14. 14.
    Harris, C.: Perceptual adaptation to inverted, reversed, and displaced vision. Psychol. Rev. 72(6), 419–444 (1965)CrossRefGoogle Scholar
  15. 15.
    Held, R.: Plasticity in sensory-motor systems. Sci. Am. 213(5), 84–94 (1965)CrossRefGoogle Scholar
  16. 16.
    Jankowski, J., Hachet, M.: Advances in interaction with 3D environments. Comput. Graph. Forum 34(1), 152–190 (2015)CrossRefGoogle Scholar
  17. 17.
    Kelly, J., Hammel, W., Siegel, Z., Sjolund, L.: Recalibration of perceived distance in virtual environments occurs rapidly and transfers asymmetrically across scale. IEEE Trans. Vis. Comput. Graph. 20(4), 588–595 (2014)CrossRefGoogle Scholar
  18. 18.
    Kennedy, R., Lane, N., Berbaum, K., Lilienthal, M.: Simulator sickness questionnaire: an enhanced method for quantifying simulator sickness. Int. J. Aviat. Psychol. 3(3), 203–220 (1993)CrossRefGoogle Scholar
  19. 19.
    Li, J.: The benefit of being physically present. Int. J. Hum Comput Stud. 77(C), 23–37 (2015)CrossRefGoogle Scholar
  20. 20.
    Lillicrap, T., Moreno-Briseno, P., Diaz, R., Tweed, D., Troje, N., Fernandez-Ruiz, J.: Adapting to inversion of the visual field: a new twist on an old problem. Exper. Brain Res. 228(3), 327–339 (2013)CrossRefGoogle Scholar
  21. 21.
    MacKenzie, C., Iberall, T.: The Grasping Hand. In: Advances in Psychology, vol. 104. North-Holland, Amsterdam and New York (1994)Google Scholar
  22. 22.
    Naceri, A., Chellali, R.: Depth perception within peripersonal space using head-mounted display. Presence: Teleoperators Virtual Environ. 20(3), 254–272 (2011)CrossRefGoogle Scholar
  23. 23.
    Napieralski, P., Altenhoff, B., Bertrand, J., Long, L., Babu, S., Pagano, C., Kern, J., Davis, T.: Near-field distance perception in real and virtual environments using both verbal and action responses. ACM Trans. Appl. Percept. 8(3), 18:1–18:19 (2011)CrossRefGoogle Scholar
  24. 24.
    Nilsson, N., Peck, T., Bruder, G., Hodgson, E., Serafin, S., Suma, E., Whitton, M., Steinicke, F.: 15 years of research on redirected walking in immersive virtual environments. IEEE Comput. Graph. Appl. 38, 44–56 (2018)CrossRefGoogle Scholar
  25. 25.
    Pai, Y., Kunze, K.: Armswing: Using arm swings for accessible and immersive navigation in AR/VR spaces. In: Proceedings of the 16th International Conference on Mobile and Ubiquitous Multimedia (MUM 2017), pp. 189–198. ACM, New York, NY, USA (2017)Google Scholar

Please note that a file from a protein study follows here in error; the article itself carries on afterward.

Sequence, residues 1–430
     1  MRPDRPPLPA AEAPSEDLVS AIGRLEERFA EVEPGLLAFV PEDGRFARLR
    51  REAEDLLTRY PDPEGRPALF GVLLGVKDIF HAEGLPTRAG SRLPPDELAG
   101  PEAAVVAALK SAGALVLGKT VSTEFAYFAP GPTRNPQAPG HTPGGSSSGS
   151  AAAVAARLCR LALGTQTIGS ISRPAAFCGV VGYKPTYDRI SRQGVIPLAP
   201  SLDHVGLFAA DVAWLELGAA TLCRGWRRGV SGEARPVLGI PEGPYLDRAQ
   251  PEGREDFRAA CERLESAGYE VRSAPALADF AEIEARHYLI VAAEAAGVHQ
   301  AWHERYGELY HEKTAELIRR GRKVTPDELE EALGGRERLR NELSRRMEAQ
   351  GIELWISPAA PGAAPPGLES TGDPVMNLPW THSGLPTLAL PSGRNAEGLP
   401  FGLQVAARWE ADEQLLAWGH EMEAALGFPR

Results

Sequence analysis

26. 26.
    Renner, R., Velichkovsky, B., Helmert, J.: The perception of egocentric distances in virtual environments - a review. ACM Comput. Surv. 46(2), 1–40 (2013)CrossRefGoogle Scholar
  27. 27.
    Simeone, A., Velloso, E., Gellersen, H.: Substitutional reality: Using the physical environment to design virtual reality experiences. In: Proceedings of the 33rd Annual ACM Conference on Human Factors in Computing Systems (CHI 2015), pp. 3307–3316. ACM, New York, NY, USA (2015)Google Scholar
  28. 28.
    Slater, M.: Place illusion and plausibility can lead to realistic behaviour in immersive virtual environments. Philos. Trans. R. Soc. London B: Biol. Sci. 364(1535), 3549–3557 (2009)CrossRefGoogle Scholar
  29. 29.
    Sprague, D., Po, B., Booth, K.: The importance of accurate VR head registration on skilled motor performance. In: Proceedings of Graphics Interface 2006 (GI 2006), pp. 131–137. Canadian Information Processing Society, Toronto, Ont., Canada, Canada (2006)Google Scholar
  30. 30.
    Sra, M., Garrido-Jurado, S., Schmandt, C., Maes, P.: Procedurally generated virtual reality from 3D reconstructed physical space. In: Proceedings of the 22nd ACM Conference on Virtual Reality Software and Technology (VRST 2016), pp. 191–200 (2016)Google Scholar
  31. 31.
    Valkov, D., Giesler, A., Hinrichs, K.: Evaluation of depth perception for touch interaction with stereoscopic rendered objects. In: Proceedings of the 2012 ACM International Conference on Interactive Tabletops and Surfaces (ITS 2012), pp. 21–30. ACM, New York, NY, USA (2012)Google Scholar
  32. 32.
    Valkov, D., Steinicke, F., Bruder, G., Hinrichs, K.: 2d touching of 3d stereoscopic objects. In: Proceedings of the SIGCHI Conference on Human Factors in Computing Systems (CHI 2011), pp. 1353–1362. ACM, New York, NY, USA (2011)Google Scholar

Copyright information

© Springer International Publishing AG, part of Springer Nature 2018

Authors and Affiliations

  • Christian Mai
    • 1
    Email author
  • Christian Valenta
    • 1
  • Heinrich Hußmann
    • 1
  1. 1.LMU Munich, Media InformaticsMunichGermany

Personalised recommendations